This year we are marking the 60th anniversary of Japan’s accession to the OECD, a milestone that transformed the OECD into a truly global organization by adding its first member from Asia. It is a legacy we continue to build on today. Joining the OECD was also a milestone for Japan and part of a policy agenda that laid the foundations for Japan’s innovative and globally connected economy of today.

Mathias Cormann, Secretary-General of the OECD

Since that time, the OECD has supported key economic reforms in Japan, for example the liberalization of capital flows, while in turn benefiting from Japan’s massive contributions to productive dialogue, to shared policy ambition and to the OECD’s global reach.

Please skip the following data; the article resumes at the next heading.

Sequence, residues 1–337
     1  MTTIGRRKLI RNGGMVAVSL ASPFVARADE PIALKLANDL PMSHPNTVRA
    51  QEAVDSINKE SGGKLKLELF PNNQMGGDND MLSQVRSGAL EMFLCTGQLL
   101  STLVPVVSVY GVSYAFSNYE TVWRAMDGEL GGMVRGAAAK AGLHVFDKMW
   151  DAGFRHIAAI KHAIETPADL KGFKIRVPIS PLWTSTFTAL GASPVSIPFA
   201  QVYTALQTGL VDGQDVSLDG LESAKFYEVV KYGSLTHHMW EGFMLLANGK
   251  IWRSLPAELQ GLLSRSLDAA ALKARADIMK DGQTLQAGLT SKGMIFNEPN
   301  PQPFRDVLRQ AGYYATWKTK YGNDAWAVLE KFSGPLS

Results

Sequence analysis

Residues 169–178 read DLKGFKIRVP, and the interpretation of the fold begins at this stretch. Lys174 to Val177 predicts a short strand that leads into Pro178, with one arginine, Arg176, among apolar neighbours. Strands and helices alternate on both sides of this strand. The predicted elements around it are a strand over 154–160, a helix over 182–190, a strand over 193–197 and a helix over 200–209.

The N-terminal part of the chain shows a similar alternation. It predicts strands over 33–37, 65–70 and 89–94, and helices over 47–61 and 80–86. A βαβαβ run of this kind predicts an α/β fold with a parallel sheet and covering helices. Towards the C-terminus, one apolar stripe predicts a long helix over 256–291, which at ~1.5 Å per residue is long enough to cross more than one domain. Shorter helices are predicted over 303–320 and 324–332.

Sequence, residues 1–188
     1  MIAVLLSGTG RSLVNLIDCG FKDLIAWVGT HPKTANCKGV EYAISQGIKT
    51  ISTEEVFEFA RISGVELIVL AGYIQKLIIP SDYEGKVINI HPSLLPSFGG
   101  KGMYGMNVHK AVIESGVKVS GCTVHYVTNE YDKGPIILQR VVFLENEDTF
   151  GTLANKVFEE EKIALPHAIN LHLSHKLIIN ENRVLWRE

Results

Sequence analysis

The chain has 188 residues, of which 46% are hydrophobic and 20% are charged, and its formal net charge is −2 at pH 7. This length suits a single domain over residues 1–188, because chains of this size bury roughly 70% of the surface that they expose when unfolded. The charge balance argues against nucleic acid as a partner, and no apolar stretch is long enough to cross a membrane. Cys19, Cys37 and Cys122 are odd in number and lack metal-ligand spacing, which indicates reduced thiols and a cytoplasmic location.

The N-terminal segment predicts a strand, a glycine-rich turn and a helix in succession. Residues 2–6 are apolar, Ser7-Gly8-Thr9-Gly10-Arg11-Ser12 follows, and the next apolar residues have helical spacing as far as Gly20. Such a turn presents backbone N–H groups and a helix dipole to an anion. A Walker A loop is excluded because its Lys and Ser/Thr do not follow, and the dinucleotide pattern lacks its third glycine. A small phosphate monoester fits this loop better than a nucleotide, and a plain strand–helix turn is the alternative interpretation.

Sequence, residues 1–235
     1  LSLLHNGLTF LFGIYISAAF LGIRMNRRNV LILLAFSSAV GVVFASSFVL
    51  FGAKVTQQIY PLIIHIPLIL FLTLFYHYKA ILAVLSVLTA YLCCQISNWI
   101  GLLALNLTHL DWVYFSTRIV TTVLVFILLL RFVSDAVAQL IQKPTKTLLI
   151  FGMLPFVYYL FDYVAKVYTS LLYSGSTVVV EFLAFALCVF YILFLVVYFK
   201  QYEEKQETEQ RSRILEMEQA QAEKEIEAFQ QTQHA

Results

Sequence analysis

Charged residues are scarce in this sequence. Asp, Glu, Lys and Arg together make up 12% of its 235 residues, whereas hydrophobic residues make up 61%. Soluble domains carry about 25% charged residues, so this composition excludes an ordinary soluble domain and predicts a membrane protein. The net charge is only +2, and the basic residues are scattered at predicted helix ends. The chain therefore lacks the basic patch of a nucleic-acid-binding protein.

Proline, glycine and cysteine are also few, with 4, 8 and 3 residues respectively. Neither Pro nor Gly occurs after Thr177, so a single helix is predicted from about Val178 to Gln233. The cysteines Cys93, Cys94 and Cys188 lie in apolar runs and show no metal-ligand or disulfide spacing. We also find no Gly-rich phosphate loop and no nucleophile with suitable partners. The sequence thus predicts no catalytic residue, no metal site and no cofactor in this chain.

Japan’s economic journey over the last 60 years is a source of both inspiration and policy insights for countries around the world. This journey was enabled by economic policy tools that have stood the test of time and remain core to the OECD’s mission: fostering a supportive environment for private investment and innovation, building human capital, leveraging open global trade, making sound infrastructure investments and supporting a sound approach to development. The OECD’s comparative data analysis, best-practice policy advice and multilateral dialogue draw on Japan’s experiences in these areas while benefiting from Japan’s leadership as chair of key OECD committees covering corporate governance, digital policy, insurance and private pensions, and trade, among others.